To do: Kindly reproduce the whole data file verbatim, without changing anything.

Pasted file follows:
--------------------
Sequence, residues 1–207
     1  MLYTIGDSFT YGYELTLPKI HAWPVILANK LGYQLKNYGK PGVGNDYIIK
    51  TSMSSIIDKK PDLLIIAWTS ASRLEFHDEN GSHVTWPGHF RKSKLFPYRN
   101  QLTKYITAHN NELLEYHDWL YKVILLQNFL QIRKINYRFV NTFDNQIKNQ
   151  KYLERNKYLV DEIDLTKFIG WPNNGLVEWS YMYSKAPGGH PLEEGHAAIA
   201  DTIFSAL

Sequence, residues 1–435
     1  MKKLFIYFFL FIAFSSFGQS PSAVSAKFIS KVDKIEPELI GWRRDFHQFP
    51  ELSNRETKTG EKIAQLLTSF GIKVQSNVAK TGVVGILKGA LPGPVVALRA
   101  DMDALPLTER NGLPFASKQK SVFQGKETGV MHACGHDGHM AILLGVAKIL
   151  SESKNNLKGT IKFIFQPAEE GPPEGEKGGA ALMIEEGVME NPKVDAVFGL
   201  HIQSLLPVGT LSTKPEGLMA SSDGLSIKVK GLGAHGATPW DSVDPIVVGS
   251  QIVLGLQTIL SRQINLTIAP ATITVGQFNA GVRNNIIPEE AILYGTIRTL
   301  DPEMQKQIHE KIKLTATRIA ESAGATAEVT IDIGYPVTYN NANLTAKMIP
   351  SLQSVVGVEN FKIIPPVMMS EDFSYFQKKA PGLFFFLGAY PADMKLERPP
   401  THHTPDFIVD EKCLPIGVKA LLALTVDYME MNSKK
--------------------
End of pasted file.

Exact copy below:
Sequence, residues 1–207
     1  MLYTIGDSFT YGYELTLPKI HAWPVILANK LGYQLKNYGK PGVGNDYIIK
    51  TSMSSIIDKK PDLLIIAWTS ASRLEFHDEN GSHVTWPGHF RKSKLFPYRN
   101  QLTKYITAHN NELLEYHDWL YKVILLQNFL QIRKINYRFV NTFDNQIKNQ
   151  KYLERNKYLV DEIDLTKFIG WPNNGLVEWS YMYSKAPGGH PLEEGHAAIA
   201  DTIFSAL

Sequence, residues 1–435
     1  MKKLFIYFFL FIAFSSFGQS PSAVSAKFIS KVDKIEPELI GWRRDFHQFP
    51  ELSNRETKTG EKIAQLLTSF GIKVQSNVAK TGVVGILKGA LPGPVVALRA
   101  DMDALPLTER NGLPFASKQK SVFQGKETGV MHACGHDGHM AILLGVAKIL
   151  SESKNNLKGT IKFIFQPAEE GPPEGEKGGA ALMIEEGVME NPKVDAVFGL
   201  HIQSLLPVGT LSTKPEGLMA SSDGLSIKVK GLGAHGATPW DSVDPIVVGS
   251  QIVLGLQTIL SRQINLTIAP ATITVGQFNA GVRNNIIPEE AILYGTIRTL
   301  DPEMQKQIHE KIKLTATRIA ESAGATAEVT IDIGYPVTYN NANLTAKMIP
   351  SLQSVVGVEN FKIIPPVMMS EDFSYFQKKA PGLFFFLGAY PADMKLERPP
   401  THHTPDFIVD EKCLPIGVKA LLALTVDYME MNSKK